How risky are gatherings in Livingston County? Interactive tool helps predict risk of COVID-19 exposure

The interactive dashboard that estimates Covid-19 incidence at gatherings in the U.S. has added a new feature: the ability to calculate county-level risk of attending an event with someone actively infected with Coronavirus (Covid-19). Previously, the dashboard estimated exposure for different size events by state.

This dashboard predicted the president’s rally in Tulsa, Okla., would become a superspreader event.

From an overview of the country as plotted by the dashboard, Michigan is looking pretty good in comparison to the current COVID-19 hot spots in the south.

The new “Covid-19 Event Risk Assessment Planning Tool” is the work of Joshua Weitz, professor in the School of Biological Sciences and founding director of Georgia Tech’s Ph.D. in Quantitative Biosciences program, in collaboration with the lab of Clio Andris, an assistant professor in the School of City and Regional Planning with a joint appointment in the School of Interactive Computing at Georgia Tech, and with researchers from the Applied Bioinformatics Laboratory (a public/private partnership between Georgia Tech, IHRC Inc., and ASRT Inc.).

“We have developed an interactive county-level map of the risk that one or more individuals may have Covid-19 in events of different sizes,” Weitz says. “The issue of understanding risks associated with gatherings is even more relevant as many kinds of businesses, including sports and universities, are considering how to re-open safely.”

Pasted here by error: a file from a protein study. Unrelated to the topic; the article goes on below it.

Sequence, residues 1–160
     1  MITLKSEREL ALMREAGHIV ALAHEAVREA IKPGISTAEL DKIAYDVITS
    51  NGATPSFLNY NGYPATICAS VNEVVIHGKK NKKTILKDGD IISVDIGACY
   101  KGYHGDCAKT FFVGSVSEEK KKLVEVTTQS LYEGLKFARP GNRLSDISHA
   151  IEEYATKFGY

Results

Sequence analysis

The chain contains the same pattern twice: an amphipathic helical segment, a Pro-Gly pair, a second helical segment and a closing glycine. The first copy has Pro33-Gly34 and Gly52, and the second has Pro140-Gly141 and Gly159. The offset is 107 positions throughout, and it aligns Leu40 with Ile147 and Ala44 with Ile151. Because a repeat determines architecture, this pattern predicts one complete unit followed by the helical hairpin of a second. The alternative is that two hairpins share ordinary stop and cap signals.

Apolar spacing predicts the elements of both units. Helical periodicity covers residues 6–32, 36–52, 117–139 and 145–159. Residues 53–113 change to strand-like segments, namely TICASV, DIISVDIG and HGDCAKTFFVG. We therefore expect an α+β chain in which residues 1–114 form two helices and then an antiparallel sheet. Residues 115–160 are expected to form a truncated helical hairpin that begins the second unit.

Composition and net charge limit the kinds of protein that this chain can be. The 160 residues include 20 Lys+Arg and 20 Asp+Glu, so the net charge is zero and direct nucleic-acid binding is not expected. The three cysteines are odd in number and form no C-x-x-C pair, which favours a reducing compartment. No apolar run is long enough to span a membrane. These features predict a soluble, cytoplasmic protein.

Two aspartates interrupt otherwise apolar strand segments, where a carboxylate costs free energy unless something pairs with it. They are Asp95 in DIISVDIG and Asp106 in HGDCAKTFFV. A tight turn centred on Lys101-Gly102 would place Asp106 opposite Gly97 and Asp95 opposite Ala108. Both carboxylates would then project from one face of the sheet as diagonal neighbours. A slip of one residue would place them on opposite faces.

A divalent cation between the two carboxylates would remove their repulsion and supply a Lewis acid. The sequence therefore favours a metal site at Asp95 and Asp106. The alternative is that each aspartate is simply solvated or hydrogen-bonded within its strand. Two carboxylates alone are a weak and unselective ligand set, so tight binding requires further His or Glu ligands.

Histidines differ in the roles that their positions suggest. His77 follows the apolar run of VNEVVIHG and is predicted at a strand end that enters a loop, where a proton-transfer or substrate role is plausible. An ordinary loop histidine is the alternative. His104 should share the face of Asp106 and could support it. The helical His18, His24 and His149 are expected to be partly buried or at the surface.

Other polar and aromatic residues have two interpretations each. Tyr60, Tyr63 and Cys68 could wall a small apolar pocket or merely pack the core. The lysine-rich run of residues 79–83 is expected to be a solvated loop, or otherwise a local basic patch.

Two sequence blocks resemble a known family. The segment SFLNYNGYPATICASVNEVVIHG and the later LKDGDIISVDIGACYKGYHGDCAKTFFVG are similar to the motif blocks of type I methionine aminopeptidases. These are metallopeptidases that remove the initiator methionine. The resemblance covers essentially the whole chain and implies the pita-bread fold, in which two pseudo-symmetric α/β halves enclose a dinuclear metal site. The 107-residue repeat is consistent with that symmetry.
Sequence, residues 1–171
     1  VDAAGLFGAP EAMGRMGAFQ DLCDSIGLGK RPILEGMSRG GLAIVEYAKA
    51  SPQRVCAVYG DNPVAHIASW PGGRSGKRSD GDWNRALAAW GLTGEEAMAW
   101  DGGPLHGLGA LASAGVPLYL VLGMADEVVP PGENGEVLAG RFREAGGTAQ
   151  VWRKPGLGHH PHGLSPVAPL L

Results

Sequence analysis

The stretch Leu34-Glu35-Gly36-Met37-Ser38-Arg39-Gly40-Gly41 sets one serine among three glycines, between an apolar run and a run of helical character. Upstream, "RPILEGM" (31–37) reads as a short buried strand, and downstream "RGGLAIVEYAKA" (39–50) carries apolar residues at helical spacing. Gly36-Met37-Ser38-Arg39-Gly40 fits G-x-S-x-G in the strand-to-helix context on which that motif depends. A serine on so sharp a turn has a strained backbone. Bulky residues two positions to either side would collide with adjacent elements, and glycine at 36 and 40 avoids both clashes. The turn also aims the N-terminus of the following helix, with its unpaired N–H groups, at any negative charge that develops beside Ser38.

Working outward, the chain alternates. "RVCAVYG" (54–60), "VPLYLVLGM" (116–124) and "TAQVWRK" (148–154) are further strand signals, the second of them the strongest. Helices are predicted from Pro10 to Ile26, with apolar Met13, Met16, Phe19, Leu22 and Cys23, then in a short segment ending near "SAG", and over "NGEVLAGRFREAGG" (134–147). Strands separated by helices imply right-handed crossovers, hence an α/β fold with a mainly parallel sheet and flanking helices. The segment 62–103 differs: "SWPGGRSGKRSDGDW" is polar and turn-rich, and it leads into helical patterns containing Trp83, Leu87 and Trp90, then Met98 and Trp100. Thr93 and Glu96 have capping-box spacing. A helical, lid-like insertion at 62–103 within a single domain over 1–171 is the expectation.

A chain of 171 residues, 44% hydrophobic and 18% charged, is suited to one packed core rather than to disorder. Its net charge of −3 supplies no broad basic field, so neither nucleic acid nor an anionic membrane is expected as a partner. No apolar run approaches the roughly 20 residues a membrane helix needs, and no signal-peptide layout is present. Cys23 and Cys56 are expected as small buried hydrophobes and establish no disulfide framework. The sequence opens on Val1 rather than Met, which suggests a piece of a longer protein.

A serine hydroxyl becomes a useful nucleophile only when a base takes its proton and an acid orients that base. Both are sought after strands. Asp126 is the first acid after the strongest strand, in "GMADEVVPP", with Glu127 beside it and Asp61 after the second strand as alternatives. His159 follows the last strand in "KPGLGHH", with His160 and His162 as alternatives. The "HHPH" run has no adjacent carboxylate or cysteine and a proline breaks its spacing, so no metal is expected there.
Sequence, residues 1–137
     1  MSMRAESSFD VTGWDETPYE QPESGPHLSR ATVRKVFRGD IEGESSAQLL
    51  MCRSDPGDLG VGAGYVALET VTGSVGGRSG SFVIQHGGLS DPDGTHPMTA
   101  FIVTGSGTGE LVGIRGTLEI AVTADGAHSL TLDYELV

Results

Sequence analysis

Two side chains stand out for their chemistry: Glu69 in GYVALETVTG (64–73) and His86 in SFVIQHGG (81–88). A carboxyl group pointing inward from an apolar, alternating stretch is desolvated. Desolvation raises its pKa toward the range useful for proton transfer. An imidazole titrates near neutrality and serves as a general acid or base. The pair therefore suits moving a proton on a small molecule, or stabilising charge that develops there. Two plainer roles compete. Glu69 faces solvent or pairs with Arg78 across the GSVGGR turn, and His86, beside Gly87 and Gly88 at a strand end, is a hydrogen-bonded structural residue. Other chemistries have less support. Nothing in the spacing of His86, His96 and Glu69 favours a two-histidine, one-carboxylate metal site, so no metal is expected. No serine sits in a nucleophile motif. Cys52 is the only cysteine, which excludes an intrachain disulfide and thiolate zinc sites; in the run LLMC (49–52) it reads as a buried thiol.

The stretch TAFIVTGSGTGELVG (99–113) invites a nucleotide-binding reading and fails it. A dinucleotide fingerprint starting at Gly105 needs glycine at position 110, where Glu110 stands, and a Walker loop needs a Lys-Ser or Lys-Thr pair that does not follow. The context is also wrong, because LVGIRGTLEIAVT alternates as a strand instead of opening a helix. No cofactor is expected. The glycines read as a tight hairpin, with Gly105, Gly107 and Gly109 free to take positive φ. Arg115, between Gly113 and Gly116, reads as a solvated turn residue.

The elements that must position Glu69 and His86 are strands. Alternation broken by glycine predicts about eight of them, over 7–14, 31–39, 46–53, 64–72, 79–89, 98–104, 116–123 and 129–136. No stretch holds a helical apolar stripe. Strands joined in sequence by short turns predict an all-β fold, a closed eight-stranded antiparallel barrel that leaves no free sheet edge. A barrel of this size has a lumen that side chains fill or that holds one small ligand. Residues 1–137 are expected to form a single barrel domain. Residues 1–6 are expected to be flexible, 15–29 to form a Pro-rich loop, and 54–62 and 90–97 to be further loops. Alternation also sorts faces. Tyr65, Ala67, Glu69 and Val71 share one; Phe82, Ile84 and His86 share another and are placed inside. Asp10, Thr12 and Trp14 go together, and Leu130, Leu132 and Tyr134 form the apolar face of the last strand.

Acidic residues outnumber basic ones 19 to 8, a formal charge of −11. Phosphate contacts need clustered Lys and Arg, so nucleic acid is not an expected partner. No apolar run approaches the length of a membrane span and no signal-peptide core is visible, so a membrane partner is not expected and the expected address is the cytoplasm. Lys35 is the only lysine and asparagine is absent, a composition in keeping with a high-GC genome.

The dashboard accounts for widespread gaps in U.S. testing for the Coronavirus, which can silently spread through individuals who display mild or no symptoms of illness.

“Precisely because of under-testing and the risk of exposure and infection, these risk calculations provide further support for the ongoing need for social distancing and protective measures,” according to the dashboard’s website. “Such precautions are still needed even in small events, given the large number of circulating cases.”

For example: As of Thursday, July 16, for an event with 100 attendees in Livingston County, Mich.,  the estimated risk of someone in attendance being actively infected with Coronavirus is 22 percent. For that same day, at an event with 1,000 attendees (like a small concert), the estimated risk in Michigan is 51.55 percent.

The dashboard’s website, which is updated daily, incorporates data from The New York Times case count and Covidtracking.com dashboard (a resource led by journalist Alexis Madrigal of The Atlantic). Both of these databases record confirmed case reports from state-level departments of public health.

“The Covid-19 Event Risk Assessment Planning Tool takes the number of cases reported in the past 14 days in each county, and multiplies these by an under-testing factor to estimate the number of circulating cases in a particular county,” Weitz said.

Ilate June, Robert Redfield, director of the U.S. Centers for Disease Control and Prevention (CDC), stated on a press call that “now that serology tests are available, which test for antibodies, the estimates we have right now show about 10 times more people have antibodies in the jurisdictions tested than had documented infections.”)

Tracking tools developed earlier this year by Weitz and colleagues at Georgia Tech and other institutions are also factored into the team’s new county-level calculator. “The model is simple, intentionally so, and provided context for the rationale to halt large gatherings in early-mid March and newly relevant context for considering when and how to re-open,” states the dashboard website.

To check out the dashboard, click here.

 

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